Hardy KJ, Hawkey PM, Gao F, et al: Methicillin-resistant Staphylococcus aureus in the critically ill. Br J Anaesth 2004;92:121-130.
Hoefnagels-Schuermans A, Borremans A, Peetermans W, et al: Origin and transmission of methicillin-resistant Staphylococcus aureus in an endemic situation: differences between geriatric and intensive care patients. J Hosp Infect 1997;36:209-222.
Panhotra BR, Saxena AK, Al Mulhim AS: Prevalence of methicillin-resistant and methicillin-sensitive Staphylococcus aureus nasal colonization among patients at the time of admission to the hospital. Ann Saudi Med 2005;25:304-308.
Sarikonda KV, Micek ST, Doherty JA, et al: Methicillin-resistant Staphylococcus aureus nasal colonization is a poor predictor of intensive care unit-acquired methicillin-resistant Staphylococcus aureus infections requiring antibiotic treatment. Crit Care Med 2010;38:1991-1995.
Honda H, Krauss MJ, Coopersmith CM, et al: Staphylococcus aureus nasal colonization and subsequent infection in intensive care unit patients: does methicillin resistance matter? Infect Control Hosp Epidemiol 2010;31:584-591.
Korn GP, Martino MD, Mimica LJ, et al: High frequency of colonization and absence of identifiable risk factors for methicillin-resistant Staphylococcus aureus (MRSA) in intensive care units in Brazil. Braz J Infect Dis 2001;5:1-7.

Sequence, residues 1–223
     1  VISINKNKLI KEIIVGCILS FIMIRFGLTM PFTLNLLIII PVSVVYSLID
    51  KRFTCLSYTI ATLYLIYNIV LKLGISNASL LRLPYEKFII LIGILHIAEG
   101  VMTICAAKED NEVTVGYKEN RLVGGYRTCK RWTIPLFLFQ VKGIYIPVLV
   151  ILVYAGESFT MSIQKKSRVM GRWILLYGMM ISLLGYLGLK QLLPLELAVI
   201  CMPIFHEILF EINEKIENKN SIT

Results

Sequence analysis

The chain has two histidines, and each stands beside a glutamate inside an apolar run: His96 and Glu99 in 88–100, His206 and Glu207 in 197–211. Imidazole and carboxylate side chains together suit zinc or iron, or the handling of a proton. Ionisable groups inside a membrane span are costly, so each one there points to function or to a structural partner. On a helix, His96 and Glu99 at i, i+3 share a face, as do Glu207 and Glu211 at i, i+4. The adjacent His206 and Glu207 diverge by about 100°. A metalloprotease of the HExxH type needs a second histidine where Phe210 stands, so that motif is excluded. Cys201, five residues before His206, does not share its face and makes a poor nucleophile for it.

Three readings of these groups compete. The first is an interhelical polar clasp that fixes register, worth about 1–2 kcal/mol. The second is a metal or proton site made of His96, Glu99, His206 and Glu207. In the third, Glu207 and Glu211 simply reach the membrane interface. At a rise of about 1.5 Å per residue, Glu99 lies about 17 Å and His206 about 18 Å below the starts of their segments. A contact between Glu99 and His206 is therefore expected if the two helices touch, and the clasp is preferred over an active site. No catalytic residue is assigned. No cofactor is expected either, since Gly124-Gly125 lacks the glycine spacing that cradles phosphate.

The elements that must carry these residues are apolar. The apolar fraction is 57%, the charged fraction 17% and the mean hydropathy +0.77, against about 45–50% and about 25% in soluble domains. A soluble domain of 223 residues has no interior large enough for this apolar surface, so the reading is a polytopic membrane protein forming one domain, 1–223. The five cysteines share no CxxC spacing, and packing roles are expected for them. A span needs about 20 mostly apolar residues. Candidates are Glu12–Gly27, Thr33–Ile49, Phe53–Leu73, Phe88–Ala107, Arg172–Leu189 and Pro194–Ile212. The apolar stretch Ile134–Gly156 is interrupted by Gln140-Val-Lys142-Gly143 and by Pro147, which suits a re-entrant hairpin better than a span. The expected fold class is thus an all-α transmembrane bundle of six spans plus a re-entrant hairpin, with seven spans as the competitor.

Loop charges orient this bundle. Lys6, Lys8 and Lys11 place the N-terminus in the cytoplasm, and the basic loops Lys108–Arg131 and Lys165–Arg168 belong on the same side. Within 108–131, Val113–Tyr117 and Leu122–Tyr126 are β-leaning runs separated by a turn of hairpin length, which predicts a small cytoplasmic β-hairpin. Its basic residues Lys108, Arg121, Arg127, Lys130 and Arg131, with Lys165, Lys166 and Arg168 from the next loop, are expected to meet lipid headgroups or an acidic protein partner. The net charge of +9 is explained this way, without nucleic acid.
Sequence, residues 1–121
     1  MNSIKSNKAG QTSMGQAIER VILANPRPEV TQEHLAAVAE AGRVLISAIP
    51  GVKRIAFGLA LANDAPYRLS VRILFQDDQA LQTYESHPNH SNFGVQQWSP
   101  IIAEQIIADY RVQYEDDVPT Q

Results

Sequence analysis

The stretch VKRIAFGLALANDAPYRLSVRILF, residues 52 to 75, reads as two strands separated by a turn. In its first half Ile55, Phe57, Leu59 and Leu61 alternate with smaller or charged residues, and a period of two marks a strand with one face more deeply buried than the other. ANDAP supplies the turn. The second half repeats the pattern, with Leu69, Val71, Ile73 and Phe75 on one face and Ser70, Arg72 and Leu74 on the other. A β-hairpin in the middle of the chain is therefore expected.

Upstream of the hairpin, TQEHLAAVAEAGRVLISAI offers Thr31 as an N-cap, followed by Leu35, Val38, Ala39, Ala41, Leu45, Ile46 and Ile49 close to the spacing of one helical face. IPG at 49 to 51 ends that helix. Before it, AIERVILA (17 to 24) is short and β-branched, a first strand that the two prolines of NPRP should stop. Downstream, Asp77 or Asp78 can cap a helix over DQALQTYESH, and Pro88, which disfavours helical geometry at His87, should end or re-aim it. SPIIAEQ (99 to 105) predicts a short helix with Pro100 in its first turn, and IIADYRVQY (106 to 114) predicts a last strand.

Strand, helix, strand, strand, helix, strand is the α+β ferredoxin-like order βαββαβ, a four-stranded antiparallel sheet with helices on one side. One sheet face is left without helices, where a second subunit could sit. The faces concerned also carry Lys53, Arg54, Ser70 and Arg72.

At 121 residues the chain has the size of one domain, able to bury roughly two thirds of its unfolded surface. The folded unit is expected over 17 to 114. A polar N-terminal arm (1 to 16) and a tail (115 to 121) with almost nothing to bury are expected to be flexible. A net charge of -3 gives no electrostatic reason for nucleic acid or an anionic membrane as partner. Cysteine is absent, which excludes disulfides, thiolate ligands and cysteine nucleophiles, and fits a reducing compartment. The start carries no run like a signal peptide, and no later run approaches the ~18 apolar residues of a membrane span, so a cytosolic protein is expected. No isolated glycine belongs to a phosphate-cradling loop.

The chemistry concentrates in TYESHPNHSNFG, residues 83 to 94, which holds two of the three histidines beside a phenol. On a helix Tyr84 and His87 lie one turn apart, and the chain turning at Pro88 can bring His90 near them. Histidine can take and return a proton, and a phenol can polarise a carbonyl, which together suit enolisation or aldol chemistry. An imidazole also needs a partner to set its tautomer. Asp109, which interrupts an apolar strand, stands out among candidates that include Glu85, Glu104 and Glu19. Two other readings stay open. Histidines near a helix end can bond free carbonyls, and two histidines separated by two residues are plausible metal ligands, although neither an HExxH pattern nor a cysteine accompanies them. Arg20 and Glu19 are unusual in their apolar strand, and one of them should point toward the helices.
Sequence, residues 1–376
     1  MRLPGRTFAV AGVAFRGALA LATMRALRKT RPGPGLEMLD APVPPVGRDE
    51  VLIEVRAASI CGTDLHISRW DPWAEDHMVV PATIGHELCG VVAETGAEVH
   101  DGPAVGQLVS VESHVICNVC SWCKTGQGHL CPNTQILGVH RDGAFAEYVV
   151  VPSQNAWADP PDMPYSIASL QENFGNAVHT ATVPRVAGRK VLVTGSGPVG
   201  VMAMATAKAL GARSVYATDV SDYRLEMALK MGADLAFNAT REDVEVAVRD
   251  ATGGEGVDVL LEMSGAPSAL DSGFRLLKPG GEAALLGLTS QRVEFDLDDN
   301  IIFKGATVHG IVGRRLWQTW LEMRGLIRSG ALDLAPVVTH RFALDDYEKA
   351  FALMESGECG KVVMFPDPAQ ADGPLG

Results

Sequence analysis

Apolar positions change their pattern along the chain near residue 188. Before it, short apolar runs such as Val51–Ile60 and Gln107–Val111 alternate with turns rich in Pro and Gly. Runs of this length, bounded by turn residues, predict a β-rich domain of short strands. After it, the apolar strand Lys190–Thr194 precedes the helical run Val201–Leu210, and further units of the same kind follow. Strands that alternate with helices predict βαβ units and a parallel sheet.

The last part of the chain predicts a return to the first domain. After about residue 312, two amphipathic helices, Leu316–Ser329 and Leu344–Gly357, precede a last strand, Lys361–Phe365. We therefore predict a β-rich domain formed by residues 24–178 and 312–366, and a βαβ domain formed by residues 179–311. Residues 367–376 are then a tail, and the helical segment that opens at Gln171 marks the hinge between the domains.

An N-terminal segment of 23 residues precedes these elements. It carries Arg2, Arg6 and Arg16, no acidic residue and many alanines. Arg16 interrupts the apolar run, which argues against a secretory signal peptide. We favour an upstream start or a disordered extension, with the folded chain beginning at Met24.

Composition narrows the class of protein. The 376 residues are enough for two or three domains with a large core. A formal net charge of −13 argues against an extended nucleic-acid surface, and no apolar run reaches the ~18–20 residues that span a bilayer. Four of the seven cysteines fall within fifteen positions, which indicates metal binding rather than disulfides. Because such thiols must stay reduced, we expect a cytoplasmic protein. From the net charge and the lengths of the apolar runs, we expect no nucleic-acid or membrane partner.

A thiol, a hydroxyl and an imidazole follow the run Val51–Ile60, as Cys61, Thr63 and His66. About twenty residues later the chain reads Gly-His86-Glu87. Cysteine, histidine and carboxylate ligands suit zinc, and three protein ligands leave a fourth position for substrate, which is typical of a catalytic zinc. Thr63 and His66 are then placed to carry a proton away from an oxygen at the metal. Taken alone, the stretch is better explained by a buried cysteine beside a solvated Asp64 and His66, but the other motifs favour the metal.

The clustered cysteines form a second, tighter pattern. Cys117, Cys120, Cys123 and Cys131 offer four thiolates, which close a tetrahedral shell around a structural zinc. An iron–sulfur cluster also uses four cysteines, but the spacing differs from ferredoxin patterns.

Marshall C, Spelman D, Harrington G, et al: Daily hazard of acquisition of methicillin-resistant Staphylococcus aureus infection in the intensive care unit. Infect Control Hosp Epidemiol 2009;30:125-129.
Open Access License / Drug Dosage / Disclaimer
Open Access License: This is an Open Access article licensed under the terms of the Creative Commons Attribution-NonCommercial 3.0 Unported license (CC BY-NC) (www.karger.com/OA-license), applicable to the online version of the article only. Distribution permitted for non-commercial purposes only.
Drug Dosage: The authors and the publisher have exerted every effort to ensure that drug selection and dosage set forth in this text are in accord with current recommendations and practice at the time of publication. However, in view of ongoing research, changes in government regulations, and the constant flow of information relating to drug therapy and drug reactions, the reader is urged to check the package insert for each drug for any changes in indications and dosage and for added warnings and precautions. This is particularly important when the recommended agent is a new and/or infrequently employed drug.
Disclaimer: The statements, opinions and data contained in this publication are solely those of the individual authors and contributors and not of the publishers and the editor(s). The appearance of advertisements or/and product references in the publication is not a warranty, endorsement, or approval of the products or services advertised or of their effectiveness, quality or safety. The publisher and the editor(s) disclaim responsibility for any injury to persons or property resulting from any ideas, methods, instructions or products referred to in the content or advertisements.